DNA of an NDA part 1

In the spirit of ensuring that your NDA does what you want and that when signing others’ you don’t give away more than you intend, some (non-exhaustive) considerations. Part 1 of a two part article focusing on defining confidential information, exceptions to confidentiality, and restrictions on use. Part 2 here.

DNA of an NDA part 1

Another day, another NDA to review. Quick print. It rolls out of the printer. 10 pages. Seriously?

Everybody wants one. Some are good, some are bad, some are downright dangerous. They can be symbolic only; but there is also a sound legal basis for them.

In the spirit of ensuring that yours does what you want and that when signing others’ you don’t give away more than you intend, some (non-exhaustive) considerations:

Before we start

If you intend or think that it is possible that will want to patent anything contained or described in your confidential information or materials, then many standard NDAs will not be for you and you need to speak to your lawyer. In any event (as with any legal agreement) you should be reading and thinking about every section and whether it (i) is applicable to the relationship you have or want to have with the other party; and (ii) achieves sufficient protection or gives sufficient rights of use of the information expected to be given or received (and then speaking to your lawyer). In a neat analysis here, Pantea F. Stevenson classifies different styles of clauses as “Disclosing Party friendly” or “Receiving Party friendly”. I don’t follow that here but the point is well made – before starting we need to consider whether we are more likely to be disclosing or receiving something of value from the other party and review the agreement in that light.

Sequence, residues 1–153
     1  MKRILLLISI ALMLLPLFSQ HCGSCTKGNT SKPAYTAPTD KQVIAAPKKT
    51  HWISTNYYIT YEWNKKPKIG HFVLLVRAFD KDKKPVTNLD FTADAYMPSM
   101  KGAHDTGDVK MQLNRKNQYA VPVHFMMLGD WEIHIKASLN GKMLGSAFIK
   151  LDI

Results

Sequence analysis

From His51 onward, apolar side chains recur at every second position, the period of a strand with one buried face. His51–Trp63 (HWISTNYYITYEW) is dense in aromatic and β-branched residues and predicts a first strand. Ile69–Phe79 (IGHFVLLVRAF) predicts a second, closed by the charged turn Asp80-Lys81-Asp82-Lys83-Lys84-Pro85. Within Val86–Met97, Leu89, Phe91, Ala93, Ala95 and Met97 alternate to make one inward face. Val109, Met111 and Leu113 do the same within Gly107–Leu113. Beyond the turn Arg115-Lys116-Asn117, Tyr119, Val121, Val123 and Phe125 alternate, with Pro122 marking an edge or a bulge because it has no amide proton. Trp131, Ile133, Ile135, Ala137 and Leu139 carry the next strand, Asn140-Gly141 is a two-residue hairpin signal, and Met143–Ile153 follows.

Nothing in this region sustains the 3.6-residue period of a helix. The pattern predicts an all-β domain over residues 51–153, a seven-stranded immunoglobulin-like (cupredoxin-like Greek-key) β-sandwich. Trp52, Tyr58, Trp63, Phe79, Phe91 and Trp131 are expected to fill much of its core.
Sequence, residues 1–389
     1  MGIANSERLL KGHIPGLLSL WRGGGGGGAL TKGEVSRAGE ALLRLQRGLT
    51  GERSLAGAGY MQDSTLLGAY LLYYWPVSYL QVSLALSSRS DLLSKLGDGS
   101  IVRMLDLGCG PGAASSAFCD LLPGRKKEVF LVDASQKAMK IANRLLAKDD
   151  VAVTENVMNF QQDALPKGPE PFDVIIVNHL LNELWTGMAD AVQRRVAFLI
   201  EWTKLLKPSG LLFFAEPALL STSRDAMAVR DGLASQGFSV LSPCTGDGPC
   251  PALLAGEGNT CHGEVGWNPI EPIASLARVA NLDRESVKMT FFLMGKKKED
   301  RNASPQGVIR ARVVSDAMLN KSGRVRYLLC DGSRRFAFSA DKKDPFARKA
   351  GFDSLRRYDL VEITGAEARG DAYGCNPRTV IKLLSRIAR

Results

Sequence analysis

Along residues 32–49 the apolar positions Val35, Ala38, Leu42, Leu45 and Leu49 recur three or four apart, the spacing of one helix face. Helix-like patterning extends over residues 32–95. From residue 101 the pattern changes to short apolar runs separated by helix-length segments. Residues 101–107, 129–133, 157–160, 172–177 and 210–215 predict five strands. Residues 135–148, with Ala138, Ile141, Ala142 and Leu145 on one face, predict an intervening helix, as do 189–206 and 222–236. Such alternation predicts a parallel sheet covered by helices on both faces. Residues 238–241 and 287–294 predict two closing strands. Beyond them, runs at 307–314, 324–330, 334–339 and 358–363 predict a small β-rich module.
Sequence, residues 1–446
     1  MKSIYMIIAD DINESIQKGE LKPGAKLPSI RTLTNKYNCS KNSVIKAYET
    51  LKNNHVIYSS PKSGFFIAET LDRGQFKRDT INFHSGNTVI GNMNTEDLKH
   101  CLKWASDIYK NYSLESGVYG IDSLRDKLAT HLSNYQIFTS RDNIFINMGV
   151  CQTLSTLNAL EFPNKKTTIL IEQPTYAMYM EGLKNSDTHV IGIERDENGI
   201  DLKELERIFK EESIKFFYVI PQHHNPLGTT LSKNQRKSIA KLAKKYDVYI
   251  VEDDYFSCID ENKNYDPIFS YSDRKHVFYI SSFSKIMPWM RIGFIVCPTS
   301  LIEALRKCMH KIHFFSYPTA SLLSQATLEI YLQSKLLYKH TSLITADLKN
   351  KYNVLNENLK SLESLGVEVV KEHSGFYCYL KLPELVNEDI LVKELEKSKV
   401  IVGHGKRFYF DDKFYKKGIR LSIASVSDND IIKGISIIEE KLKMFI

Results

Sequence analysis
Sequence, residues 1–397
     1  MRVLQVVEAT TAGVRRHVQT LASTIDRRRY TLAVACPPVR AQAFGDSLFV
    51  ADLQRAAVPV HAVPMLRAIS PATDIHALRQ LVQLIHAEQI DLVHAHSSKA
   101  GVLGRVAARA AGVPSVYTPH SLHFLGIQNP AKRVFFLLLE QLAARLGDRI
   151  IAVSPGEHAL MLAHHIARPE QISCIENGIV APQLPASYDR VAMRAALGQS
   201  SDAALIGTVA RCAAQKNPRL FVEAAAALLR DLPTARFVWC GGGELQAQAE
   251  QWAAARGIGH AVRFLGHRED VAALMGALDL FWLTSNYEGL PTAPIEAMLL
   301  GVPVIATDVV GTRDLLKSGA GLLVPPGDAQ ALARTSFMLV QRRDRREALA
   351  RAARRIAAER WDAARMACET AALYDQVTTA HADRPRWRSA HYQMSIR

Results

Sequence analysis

Who are we trying to protect?